Wherever you choose to sit, take some time to lounge outdoors for a few minutes before moving on. Breathe the fresh mountain air. Close your eyes and listen to the sound of chirping birds and water streaming down the storm drain. Watch the sycamore tree leaves blowing in the breeze.
And, before you head back to the hustle-bustle world, don’t forget to take time to paint a rock.
Mary’s Market and Café
561 Woodland Dr,
Sierra Madre, CA 91024
Friday, April 30, 2010
After all, would a sane person fly more than 2,500 miles for a small town event that lasts four hours? Would a sane person then drive six hours from Columbus to Southern West Virginia just so that she could make it to the last hour of the event? Would a person playing with a full deck take a chance that she'd miss the event entirely if she took a wrong turn down a country road? Would a gal with both oars in the water travel for 18 hours just to eat ramps at the Feast of the Ransom in Richwood, West Virginia?
Maybe not crazy so much as obsessed with wild ramps, a cross between a leek and garlic that grows rampant in woodsy areas from South Carolina to Canada.
Of course, when you consider the scenery in West Virginia, the insanity case becomes a little weaker.
The ostentatious gateway below is not typical of the ramshackle homes that line the country roads. I thought at first this was horse property, but the stone facade is strictly for show. In fact, you'll see more church steeples than stables in this part of the country.
It was easy to tell when I'd entered ramp country, but I had no time to stop. I had a festival to attend.
As luck would have it, I arrived in time for the crowning of the Ramp Princess. I love the crossed ankle pose of the girl on the right. I think she learned that in Ramp Charm School.
The man on the left had time to grow his beard.
In true West Virginia fashion, the ramps are cooked to within an inch of their life.
I like 'em raw.
I brought home three slices of pizza, but when I went to retrieve my left overs, I found that the pizza was gone. The only things in the box were the sauteed greens and bulbs of the ramps. And that suited me just fine.
Now, how crazy is that?
Tuesday, March 16, 2010
When a friend invited me for breakfast at the venerable Pacific Dining Car in downtown LA, my first thought was, "What should I wear?"
I considered wearing a power suit (or at least a power jacket) while we ate our power breakfasts, but settled on a look that was more casual Friday than uptight Tuesday. After all, I figured the ultimate power comes from having a flexible schedule that allows you to take off the morning for a downtown breakfast outing. (Don't ya' love stickin' it to the man.)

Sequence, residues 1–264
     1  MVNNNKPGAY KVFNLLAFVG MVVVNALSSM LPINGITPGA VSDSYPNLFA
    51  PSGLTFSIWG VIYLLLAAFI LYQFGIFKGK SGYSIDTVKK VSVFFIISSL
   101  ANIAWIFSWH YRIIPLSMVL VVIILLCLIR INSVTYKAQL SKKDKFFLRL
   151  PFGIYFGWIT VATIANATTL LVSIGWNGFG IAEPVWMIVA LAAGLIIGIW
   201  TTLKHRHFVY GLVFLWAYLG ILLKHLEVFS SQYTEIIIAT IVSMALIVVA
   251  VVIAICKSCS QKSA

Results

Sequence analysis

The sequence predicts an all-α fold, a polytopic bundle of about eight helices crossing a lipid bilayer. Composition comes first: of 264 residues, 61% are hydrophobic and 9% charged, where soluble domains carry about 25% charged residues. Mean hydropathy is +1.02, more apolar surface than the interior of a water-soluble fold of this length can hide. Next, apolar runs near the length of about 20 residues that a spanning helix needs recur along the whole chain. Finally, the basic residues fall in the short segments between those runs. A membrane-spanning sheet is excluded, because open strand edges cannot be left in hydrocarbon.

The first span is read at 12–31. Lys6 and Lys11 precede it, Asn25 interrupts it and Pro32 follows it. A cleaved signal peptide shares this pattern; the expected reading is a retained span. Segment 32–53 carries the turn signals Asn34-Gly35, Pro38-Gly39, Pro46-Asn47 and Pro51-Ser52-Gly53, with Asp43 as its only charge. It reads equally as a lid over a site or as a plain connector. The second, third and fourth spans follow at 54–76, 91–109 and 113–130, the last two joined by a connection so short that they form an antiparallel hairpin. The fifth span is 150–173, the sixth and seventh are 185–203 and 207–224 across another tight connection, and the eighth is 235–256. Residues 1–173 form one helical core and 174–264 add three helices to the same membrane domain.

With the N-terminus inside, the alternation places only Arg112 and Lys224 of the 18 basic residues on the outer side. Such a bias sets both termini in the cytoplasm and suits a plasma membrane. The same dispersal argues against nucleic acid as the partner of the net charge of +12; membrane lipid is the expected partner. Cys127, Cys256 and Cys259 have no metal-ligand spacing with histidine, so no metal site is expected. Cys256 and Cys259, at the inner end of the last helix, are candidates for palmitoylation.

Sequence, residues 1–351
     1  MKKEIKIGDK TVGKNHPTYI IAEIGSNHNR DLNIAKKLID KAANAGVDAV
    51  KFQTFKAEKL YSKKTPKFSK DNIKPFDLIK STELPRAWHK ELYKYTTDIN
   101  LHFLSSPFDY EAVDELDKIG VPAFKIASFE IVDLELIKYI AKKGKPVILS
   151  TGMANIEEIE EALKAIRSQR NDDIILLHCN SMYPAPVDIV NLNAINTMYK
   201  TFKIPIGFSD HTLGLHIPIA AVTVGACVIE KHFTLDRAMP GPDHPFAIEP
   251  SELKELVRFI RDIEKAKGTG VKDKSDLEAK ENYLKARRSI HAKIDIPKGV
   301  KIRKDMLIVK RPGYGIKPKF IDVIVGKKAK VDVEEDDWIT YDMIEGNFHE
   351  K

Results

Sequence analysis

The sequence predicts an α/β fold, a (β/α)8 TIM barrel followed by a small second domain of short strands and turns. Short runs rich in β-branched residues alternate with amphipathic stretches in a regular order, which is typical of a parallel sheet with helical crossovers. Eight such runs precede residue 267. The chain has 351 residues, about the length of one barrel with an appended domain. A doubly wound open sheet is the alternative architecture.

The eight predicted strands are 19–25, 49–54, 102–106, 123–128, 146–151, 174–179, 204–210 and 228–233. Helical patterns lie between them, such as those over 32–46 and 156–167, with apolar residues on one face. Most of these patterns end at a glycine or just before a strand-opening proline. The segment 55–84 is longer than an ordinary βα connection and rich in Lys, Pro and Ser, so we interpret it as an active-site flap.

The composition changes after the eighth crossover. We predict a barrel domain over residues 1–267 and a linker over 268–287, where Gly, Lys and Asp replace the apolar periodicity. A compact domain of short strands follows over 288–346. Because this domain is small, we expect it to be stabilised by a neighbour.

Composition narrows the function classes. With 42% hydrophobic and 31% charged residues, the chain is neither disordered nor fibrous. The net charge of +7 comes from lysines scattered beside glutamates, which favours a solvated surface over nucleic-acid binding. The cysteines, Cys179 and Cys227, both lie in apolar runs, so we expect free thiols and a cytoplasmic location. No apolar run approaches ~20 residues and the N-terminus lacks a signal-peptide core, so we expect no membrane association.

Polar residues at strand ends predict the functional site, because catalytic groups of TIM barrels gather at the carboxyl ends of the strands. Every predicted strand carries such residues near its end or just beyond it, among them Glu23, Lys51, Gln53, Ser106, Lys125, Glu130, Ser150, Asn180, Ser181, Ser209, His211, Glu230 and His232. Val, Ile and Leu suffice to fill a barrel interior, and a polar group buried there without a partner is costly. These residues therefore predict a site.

Sure enough, all of the other diners were dressed in suits and ties and gazed at spreadsheets and pie charts between sips of coffee from a china cup. To fit in, dining companion and I studied Jonathan Gold's list of 99 Things to Eat Before You Die while we developed a strategy for our next take over of a restaurant.
I hadn't set foot in the Pacific Dining Car since the 80s, when I worked downtown as a briefcase-lugging corporate drone. I was happy to see that it hasn't changed a bit. Some icons become stodgy over time, but not the Pacific Dining Car. It still looks and feels fresh and elegant, refined and special with its rich colors, linen table cloths and fine china and silver.
I ordered the breakfast hash, which is made from the left over steaks from the night before. Unlike most hashes, which tend to be at least 50% potato, this one was 85% steak and 15% potato, all swimming in a rich, savory gravy. The steak came cubed, not shredded, and was so tender that I barely needed to chew. It came topped with a poached egg with two biscuits on the side. Power breakfast indeed.
Dining companion went for the Cajun style eggs benedict, featuring sauteed mushrooms and a crab cake instead of Canadian bacon.
After our two-hour breakfast, we realized that it was time for lunch. So we did what any food-loving duo would do: we traveled a few blocks away to Langer's to try one of their legendary pastrami sandwiches.
When the sandwiches arrived, the first thing I noticed was the warm, untoasted bread. Then when I bit into the sandwich, I immediately noticed the crisp, chewy crust. I was enraptured. Apparently, this is what rye bread is all about. Why doesn't everyone do it this way?
We packed up our sandwiches to go, and I vowed that I wasn't ever going to eat again. That is until I returned home and that rye bread started calling my name.
Of course, I did what any good girl from the 80s does. I powered down the pastrami sandwich and then I took a power nap.